Charities Are Also Thriving On Bull Market

Bankers buying vacation homes in the Hamptons aren't the only ones to benefit from the stock market's giddy climb to record levels.

In Baltimore, lines of threadbare men and women are also reaping the bull market's bounty - not in six-figure bonuses but in hot bowls of soup ladled out by local soup kitchens.

The meal programs are among thousands of nonprofit groups now receiving record levels of support from foundations - thanks to last year's stock bonanza. Because foundations are required to give 5 percent of their assets over a five-year period, that wealth is now beginning to spread far beyond the glass-and-granite confines of Wall Street.

"We were probably up 25 percent last year with our assets," says Francie Keenan, chief financial officer of the Abell Foundation in Baltimore, which gave the Maryland Food Committee $40,000 last year for its meal programs. "The increase in our giving is directly tied to that."

Yields produced by foundations' portfolios during the past two years are just now starting to be felt in programs on the ground. Among the benefits:

*The Maryland Food Committee intends to open five new "pantries" between now and September to give food to the needy.

*In New York, the East Harlem Employment Service plans to use extra foundation money to expand its job-training programs.

*The Children's Health Fund will use an $85,000 grant from the Robin Hood Foundation (more than double the amount it asked for) to expand its flagship facility in the Bronx. The expansion will allow the group to triple the number of homeless children who receive dental, nutritional, and medical services.

Nonprofits, moreover, aren't the only ones who are grateful for the boom: Foundations back everything from universities and museums to research labs.

LAST year, the nation's largest foundations raised their giving by 16 percent, according to a Chronicle of Philanthropy survey, and 60 percent of them expect to boost their support in 1997.

Among the foundations projecting hefty increases this year are the Spencer Foundation in Chicago, which plans to raise giving by $3 million, to $16 million, for education research.

The Lilly Endowment of Indianapolis, meanwhile, has budgeted a 53 percent hike in its grants budget. It backs projects in community development, religion, and youth.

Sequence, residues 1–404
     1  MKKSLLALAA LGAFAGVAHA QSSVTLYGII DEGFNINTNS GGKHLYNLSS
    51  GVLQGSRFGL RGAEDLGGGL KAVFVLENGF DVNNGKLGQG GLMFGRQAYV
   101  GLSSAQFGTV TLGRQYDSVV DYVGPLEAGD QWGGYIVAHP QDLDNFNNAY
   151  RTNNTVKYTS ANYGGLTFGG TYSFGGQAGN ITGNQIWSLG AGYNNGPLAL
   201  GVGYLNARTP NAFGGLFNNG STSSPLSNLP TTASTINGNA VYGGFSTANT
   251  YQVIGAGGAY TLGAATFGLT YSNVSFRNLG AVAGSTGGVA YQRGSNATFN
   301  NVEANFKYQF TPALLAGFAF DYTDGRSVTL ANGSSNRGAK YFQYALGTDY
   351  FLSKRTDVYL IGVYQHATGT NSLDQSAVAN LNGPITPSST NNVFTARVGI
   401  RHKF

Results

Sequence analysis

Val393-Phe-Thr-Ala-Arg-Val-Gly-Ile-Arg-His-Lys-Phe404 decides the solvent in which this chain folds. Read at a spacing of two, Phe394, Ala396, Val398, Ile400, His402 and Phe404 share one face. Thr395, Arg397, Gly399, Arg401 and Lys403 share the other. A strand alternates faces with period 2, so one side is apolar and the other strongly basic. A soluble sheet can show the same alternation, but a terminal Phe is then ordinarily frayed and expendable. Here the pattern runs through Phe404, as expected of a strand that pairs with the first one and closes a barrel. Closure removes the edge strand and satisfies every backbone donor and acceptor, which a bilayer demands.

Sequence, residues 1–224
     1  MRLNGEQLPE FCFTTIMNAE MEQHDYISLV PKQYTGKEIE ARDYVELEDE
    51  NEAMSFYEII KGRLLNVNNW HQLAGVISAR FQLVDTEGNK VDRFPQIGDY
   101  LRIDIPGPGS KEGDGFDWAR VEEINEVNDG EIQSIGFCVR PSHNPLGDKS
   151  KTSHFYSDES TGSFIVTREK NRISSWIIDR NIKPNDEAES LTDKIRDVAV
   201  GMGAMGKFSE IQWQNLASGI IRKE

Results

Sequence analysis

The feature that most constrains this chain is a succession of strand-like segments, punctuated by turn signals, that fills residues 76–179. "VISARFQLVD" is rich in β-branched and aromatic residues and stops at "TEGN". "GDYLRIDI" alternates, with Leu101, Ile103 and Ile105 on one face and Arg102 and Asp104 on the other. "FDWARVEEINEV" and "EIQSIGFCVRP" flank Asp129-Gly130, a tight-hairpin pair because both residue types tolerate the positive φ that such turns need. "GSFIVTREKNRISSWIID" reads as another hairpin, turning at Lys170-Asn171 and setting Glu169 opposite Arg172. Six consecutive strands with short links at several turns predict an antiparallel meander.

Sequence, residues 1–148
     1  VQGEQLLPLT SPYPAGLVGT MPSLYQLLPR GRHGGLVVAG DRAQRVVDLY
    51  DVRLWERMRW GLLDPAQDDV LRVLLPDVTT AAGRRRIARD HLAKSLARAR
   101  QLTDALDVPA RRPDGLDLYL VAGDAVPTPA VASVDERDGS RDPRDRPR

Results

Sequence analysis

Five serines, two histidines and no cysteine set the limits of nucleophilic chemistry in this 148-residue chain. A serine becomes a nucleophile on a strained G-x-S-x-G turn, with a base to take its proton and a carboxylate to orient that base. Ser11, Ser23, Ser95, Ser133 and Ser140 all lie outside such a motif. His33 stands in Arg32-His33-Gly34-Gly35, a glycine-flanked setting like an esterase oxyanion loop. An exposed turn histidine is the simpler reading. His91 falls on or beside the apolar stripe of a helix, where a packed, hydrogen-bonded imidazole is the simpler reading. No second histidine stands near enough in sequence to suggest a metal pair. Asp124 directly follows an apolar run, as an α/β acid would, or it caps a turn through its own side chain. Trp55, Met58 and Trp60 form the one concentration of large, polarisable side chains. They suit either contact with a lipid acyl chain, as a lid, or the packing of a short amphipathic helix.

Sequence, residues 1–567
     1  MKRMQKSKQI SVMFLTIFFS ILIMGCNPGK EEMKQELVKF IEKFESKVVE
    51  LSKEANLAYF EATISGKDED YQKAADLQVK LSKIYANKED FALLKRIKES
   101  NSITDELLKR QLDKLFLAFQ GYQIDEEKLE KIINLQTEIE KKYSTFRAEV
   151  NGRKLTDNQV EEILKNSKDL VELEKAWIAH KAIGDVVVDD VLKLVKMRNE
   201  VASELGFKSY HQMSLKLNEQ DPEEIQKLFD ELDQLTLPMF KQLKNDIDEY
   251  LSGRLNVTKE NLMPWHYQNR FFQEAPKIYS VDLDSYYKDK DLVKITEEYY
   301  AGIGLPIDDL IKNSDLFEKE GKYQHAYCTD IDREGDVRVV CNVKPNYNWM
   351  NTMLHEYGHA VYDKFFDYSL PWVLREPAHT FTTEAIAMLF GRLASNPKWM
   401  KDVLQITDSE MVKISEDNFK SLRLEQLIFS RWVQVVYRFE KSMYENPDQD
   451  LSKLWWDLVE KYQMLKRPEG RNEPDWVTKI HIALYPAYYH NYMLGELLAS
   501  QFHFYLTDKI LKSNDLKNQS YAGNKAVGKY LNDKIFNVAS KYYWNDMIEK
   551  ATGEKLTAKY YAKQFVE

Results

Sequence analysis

And the James Irvine Foundation of San Francisco is projecting an 8 percent jump this year in its grant budget for child-welfare, conservation, and social-service enterprises.

Family, corporate, or individual funds provide the seed money for foundations, which then issue grants with the income earned from investments - an amount that totaled $10.4 billion in 1995. The Treasury Department has called foundations "uniquely qualified to initiate thought and action," and their backing has led to everything from the Salk polio vaccine to "Sesame Street."

But there are worries that the current boom will instill a false sense of security among recipients. As the current dip in the Dow is showing, the stock market will not always be buoyant enough to support a heavier load of private-sector giving - even though the need may be greater as the federal government scales back welfare and other services.

"There's only so much we can do, especially if the economy takes a downturn," says Greg Barnard of the Council of Foundations. "It's shortsighted for policymakers to think the private sector is going to pick up all the slack."

Foundations are already feeling the pressure of reduced government aid, Mr. Barnard says. "There have been increased calls from some quarters that foundations should pay out more or shouldn't exist in perpetuity, otherwise they're just accumulating assets.

"There's no question that as nonprofits get government grants cut, they'll turn to us," he adds. "But the truth is, private foundations don't have enough to make up for all the government cuts."

The possibility is daunting for smaller groups. "Foundation support is so important," says Maria Paglesee of the Children's Health Fund. Despite the generous support of Robin Hood, she says, "We're still not able to take care of everybody in need."

At Independent Sector, an umbrella group for grant-seeking nonprofits, spokesman John Thomas puts foundation support in perspective. "$10 billion is not to be sneezed at," he says, referring to 1995 foundation spending. He says 80 percent of charitable giving comes from individuals.

Though some nonprofits worry that individuals tend to give to high-profile charities and not smaller groups, Mr. Thomas is sanguine. "People, no matter how low their incomes, are givers," he says, adding that nonprofits and other groups threatened by government cuts should keep that in mind. "People do give."

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